Paycheck Protection Program: The best news we've had in weeks
Updated: Apr 1
Over the past few weeks, I have discussed with dozens of landscape businesses how COVID -19 has impacted their workflow. Some have been hit harder than others, and many do not know how they are going to stay afloat in these uncertain economic times. However, for the first time in a while there is some good news: The Coronavirus Aid, Relief, and Economic Security (CARES) ACT. I wanted to provide a quick and simple explanation of a specific part of the bill - the Paycheck Protection Program. It is my hope that this would help landscapers make an educated decision on whether it is a viable option for their business and begin to move forward on the road to recovery.
What is the Paycheck Protection Program?
The Paycheck Protection Program is part of the Coronavirus Aid, Relief, and Economic Security (CARES) Act, commonly known as the stimulus package that was just passed by Congress. This program provides $349 billion in 100% federally guaranteed loans to small businesses, 501(c)(3) nonprofits, and other organizations.
The program is offering terms of 4% interest for up to 10 years with no collateral or personal guarantees. However, most people are interested in finding out about the "forgivable loan" portion of the program that has been widely referenced.
What businesses are eligible?
Any business with less than 500 employees can be eligible for this program, given they make a "good faith certification" of the following:
Due to the uncertain economic situation the business needs the loan to continue operations
Acknowledge the funds will be used to retain workers and maintain payroll, make mortgage payments, lease payments and/or utility payments
The applicant has not applied or received funding under this bill already
Sole proprietors, 1099 contractors, and self-employed individuals are also eligible.
What can I use the funds for?
Technically, businesses can use the funds for any purpose they want, but in order for the loan to be forgivable funds have to be used for:
Payroll and commission payments
Group health care benefits and health insurance premiums
Rent and lease payments
Interest on any other debt that was incurred before February 15, 2020
If the funds are used for any other purposes the loan will not be eligible for forgiveness.
How much funding can I receive?
Businesses will be required to provide documentation on payroll, mortgage, rent, and utility payments over the previous 12-month period. They will average the monthly cost of those expenses and provide you with up to 2.5 times that amount, but no more than $10 million.
If you are a seasonal business, they will take your costs from a 12-week period either beginning on February 15, 2019, or March 1, 2019, and ending on June 30, 2019.
If your business did not exist in 2019, your costs will be taken from January and February 2020.
How do I get my loan forgiven?
In the 8-week period following your loan signing date all of the following expenses can be forgiven:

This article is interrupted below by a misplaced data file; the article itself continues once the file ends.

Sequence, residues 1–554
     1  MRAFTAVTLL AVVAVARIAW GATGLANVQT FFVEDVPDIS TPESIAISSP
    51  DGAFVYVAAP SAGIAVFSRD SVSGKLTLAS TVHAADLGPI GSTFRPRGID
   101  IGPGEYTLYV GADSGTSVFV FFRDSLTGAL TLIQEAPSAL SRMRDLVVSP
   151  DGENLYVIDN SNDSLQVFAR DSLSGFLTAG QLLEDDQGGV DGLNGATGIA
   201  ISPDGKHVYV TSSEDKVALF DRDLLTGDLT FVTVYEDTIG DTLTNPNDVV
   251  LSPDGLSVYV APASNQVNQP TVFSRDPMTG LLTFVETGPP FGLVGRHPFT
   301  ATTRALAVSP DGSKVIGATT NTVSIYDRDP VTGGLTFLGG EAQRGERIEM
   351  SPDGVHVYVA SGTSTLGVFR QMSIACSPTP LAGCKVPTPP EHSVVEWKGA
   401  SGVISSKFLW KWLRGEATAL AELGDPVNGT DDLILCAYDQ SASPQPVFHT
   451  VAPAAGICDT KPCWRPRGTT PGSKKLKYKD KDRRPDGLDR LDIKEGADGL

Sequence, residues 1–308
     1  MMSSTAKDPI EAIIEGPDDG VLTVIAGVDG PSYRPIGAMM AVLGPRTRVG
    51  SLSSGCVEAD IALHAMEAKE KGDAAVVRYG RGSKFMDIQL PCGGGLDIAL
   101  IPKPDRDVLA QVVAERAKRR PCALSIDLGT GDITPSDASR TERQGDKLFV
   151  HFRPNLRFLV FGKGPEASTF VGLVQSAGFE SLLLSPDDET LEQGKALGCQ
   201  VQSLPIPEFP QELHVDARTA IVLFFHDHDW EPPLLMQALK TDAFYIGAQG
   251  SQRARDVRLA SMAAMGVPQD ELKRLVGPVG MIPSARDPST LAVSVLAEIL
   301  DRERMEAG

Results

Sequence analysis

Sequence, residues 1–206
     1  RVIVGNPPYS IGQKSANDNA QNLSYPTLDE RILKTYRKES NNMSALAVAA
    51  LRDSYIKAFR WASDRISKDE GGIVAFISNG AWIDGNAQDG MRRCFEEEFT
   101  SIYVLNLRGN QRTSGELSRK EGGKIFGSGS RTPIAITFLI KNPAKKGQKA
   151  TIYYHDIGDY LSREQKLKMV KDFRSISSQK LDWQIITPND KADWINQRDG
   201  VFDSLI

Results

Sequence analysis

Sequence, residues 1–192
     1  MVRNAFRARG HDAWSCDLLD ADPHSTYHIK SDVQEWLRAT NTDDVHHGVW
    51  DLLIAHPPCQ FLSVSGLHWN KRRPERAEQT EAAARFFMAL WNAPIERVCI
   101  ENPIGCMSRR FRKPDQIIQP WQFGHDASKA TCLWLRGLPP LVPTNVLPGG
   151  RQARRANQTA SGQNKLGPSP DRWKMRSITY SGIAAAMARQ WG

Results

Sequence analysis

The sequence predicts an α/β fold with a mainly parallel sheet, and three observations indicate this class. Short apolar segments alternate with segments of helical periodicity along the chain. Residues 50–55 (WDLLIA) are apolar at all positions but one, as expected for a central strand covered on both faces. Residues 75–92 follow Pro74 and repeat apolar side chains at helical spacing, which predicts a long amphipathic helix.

Payroll - salary, wage, commission, payment of cash tips, vacation, parental, family, medical, or sick leave
Mortgage interest (contract signed before February 15, 2020)
Rent (agreement in effect before February 15, 2020)
Utilities (service began before February 15, 2020)
The lender is required to make a decision on whether your loan is forgivable 60 days from submitting the application. I also want to note that these are the guidelines stated in the 880-page CARE ACT. The SBA has been given 30 days to issue official requirements on what makes a loan forgivable.
How do I apply?
As of now there are 1,800 banks participating in this program nationwide. You simply need to walk into a bank and tell them you want to apply for a Paycheck Protection Program loan. If they aren't sure what you are talking about, go to a different bank.
The point of this bill is to get money into the hands of businesses that need it as quickly as possible. Permission has been granted by Congress, but banks are still going to have to figure out their own processes and procedures for actually issuing these loans. Needless to say, over the next week or so we will continue to learn more.
This program is the solution to the “Does my insurance cover business income losses?” problem. It does essentially the same thing that business interruption coverage would do, but at a lower cost to the insured. It provides funds to retain your employees and pay your essential expenses, and if done right you don’t have to pay back the loan. Like the saying goes “nothing in life is free”, so I’m sure businesses will end up paying this money back somehow, be it taxes, or another form, but if it helps get you through this current crisis it is worth it.
At Allen Insurance Group we care about helping all businesses, whether they are our clients or not. We do not simply write insurance policies, we help businesses develop a holistic strategy for continued growth. In times like this, we help businesses tweak their strategies to stay afloat. We want to do whatever we can to help all businesses thrive. If you have any questions please do not hesitate to reach out.